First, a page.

Nepal Monitor: The National Online Journal: <br /> Print This
Nepal Monitor: The National Online Journal

Facebook Most Popular Social Media Among Nepali Journalists

Two recent survey reports offer the most detailed picture of social media use so far by Nepali journalists.

Two survey reports, focused on journalists and social media, were made public during this month in Kathmandu. Findings suggest social media use is growing among the media professionals, with most professionals opting to use Facebook.

About 69.9% Nepali journalists use Facebook for personal use and half of them use it for both personal and professional purposes while 6% of the respondents use it exclusively for professional purposes, reveals the report FNJ Social Media Survey, 2012, released in the last week of June, 2012.

The report says about half of the respondents use Twitter and YouTube for personal use and around 20% do not use them at all. About 40% of the respondents use LinkedIn for professional networking.

The survey found that out of the total journalists who responded, 87.6% access the internet daily. Of those respondents who access the internet daily, 80.5% do so from offices, and about 51.3% of the respondents also access the net from their homes and 12.6% from mobile devices.

More than two-thirds of the respondents use social networks for their professional work to communicate and seek and exchange information. About 71.2% of the respondents use social networks to communicate and 65.2% to seek new information. A little more than 55% of the respondents use it for exchanging and gathering information. About 37% of the respondents use it for research and similar number it for networking.

The survey, conducted during 16 April, 2012 to 15 May 2012, yielded a total of 1119 FNJ member respondents out of which, 1079 (96.4%) had completed the questionnaire and/or provided meaningfully valid responses.

Key findings highlighted in the report:
1. FNJ members use social media not only for communication but also for generating and making their news stories better through research and information verification by using social media.
2. Members from the age group of 20-29 years of age embraced social media and used it most extensively for professional as well as personal advancement. This group has been using the social media for the longest duration of the time and utilizes the platforms better.
3. The majority perceive social media to be one of the best ways to reach their audience as well as their colleagues.
4. While majority use social networking sites such as Facebook, they do not use blogs, tools like Twitter to promote their stories and hold discussions.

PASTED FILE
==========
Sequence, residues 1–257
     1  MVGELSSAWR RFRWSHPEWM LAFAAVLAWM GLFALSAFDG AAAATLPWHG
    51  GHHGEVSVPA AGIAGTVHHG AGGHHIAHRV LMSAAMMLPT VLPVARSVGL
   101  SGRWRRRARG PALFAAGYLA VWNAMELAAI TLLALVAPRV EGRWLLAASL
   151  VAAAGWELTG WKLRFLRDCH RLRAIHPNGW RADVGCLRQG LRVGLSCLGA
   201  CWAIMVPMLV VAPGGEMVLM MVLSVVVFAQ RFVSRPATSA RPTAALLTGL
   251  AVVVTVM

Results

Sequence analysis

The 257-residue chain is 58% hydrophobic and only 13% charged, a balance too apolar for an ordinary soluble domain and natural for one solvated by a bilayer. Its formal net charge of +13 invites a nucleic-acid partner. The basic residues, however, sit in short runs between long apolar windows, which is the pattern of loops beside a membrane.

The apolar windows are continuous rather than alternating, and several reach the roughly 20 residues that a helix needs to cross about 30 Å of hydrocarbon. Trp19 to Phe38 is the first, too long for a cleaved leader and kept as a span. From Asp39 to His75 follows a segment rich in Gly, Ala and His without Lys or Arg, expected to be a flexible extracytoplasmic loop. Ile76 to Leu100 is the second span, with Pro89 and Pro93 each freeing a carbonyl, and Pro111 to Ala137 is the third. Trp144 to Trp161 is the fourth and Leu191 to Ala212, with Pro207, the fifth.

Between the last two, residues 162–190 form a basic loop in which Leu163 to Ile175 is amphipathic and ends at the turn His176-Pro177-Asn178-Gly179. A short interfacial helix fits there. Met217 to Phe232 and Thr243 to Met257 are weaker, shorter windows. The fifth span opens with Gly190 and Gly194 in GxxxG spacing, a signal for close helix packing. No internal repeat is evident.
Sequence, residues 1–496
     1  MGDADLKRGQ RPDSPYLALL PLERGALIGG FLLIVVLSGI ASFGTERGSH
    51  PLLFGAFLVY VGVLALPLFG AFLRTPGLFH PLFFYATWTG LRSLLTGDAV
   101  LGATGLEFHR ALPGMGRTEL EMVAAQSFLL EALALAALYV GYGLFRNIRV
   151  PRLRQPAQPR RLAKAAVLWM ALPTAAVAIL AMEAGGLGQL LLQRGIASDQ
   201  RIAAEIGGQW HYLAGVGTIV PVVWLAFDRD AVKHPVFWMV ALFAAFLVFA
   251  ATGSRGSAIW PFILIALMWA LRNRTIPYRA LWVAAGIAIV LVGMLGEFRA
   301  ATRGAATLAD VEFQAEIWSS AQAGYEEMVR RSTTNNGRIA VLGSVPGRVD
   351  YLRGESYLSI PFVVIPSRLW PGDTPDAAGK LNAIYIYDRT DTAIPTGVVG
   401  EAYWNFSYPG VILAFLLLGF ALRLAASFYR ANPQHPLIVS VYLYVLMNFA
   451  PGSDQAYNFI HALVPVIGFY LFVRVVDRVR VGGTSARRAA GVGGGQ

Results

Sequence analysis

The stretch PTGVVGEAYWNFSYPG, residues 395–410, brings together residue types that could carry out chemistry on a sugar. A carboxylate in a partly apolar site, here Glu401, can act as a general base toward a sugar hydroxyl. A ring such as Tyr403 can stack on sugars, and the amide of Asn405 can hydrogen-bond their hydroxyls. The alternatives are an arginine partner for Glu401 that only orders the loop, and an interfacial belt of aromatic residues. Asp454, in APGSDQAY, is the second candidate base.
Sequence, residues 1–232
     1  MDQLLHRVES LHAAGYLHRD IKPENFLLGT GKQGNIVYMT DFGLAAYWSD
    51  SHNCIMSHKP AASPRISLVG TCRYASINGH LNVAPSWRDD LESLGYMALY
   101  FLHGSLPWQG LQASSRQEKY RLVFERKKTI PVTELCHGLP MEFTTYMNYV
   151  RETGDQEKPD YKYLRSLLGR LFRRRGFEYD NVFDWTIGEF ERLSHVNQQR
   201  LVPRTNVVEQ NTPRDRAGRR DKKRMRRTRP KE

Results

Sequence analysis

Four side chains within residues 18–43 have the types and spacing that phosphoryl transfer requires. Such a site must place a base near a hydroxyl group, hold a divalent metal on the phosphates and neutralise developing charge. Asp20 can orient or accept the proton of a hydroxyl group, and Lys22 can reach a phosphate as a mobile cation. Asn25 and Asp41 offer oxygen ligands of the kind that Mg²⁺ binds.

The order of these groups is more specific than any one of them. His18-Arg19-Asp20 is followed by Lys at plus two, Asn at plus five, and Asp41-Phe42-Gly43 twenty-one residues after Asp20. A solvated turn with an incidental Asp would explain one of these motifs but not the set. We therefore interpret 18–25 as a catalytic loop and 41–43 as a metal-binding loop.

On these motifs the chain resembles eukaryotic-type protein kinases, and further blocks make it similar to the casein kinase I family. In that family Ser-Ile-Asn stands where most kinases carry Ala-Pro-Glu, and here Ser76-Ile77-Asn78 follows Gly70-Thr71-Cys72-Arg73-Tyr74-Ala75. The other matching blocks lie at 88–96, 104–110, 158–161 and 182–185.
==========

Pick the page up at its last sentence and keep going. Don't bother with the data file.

5. The respondents who have been using social media for various lengths of time would still like to improve capacity to make a greater online impact.

The survey was conducted by FNJ, with support from Internews, and international grassroots NGO.

Another report (Journalist and Social Media: 2011 National Survey on Nepali Journalists) on the survey of journalists' use of social media was released in the second week of June, 2012. The survey, conducted between February 21 to May 31, 2011 by the Center for Media Research Nepal (CMR-N), found that Facebook is by far the most popular social networking site among journalists, with nearly 97 per cent of journalists using it. The second most popular social networking site among journalists is Hi5 with 14.1 per cent usage followed by LinkedIn (8.3 per cent), Orkut (5.7 %) and MySpace (4.7 per cent).

A total of 259 journalists participated in the survey, of which only 192 valid responses were included in the analysis.

In terms of email preferences, Google's Gmail was found to be the most popular service used by journalists in Nepal. Nine out of 10 journalists have an account on Gmail while Yahoo's Mail is second favorite with 44.3 per cent journalists using it followed by Microsoft's Hotmail (30.2 per cent).

The report says blogging is a popular activity for Nepali journalists. Nearly half of the journalists, 45.3 per cent, maintain their own blog. Some, 6.8 per cent of journalists, write for other's blog. More than half of the journalists in print media, 52 per cent, write blog followed by radio journalists, 41 per cent of whom write blogs. Among television journalists, 39.5 per cent write blog whereas journalists working for online news websites and news agencies blog less. Only 35.7 per cent of online journalists and 33.3 per cent of news agency journalists write blogs.

According to the report, Nepali journalists are also increasingly micro blogging Twitter and YouTube is almost equally popular among journalists. While nearly 40 per cent of journalist use microblogging service Twitter to share information; 38 per cent of them use video-sharing site, YouTube, mostly for viewing purpose only. Very few use Tumblr, another microblogging service.

For more details on this survey, see the full report here.


Posted by Editor on June 24, 2012 1:05 AM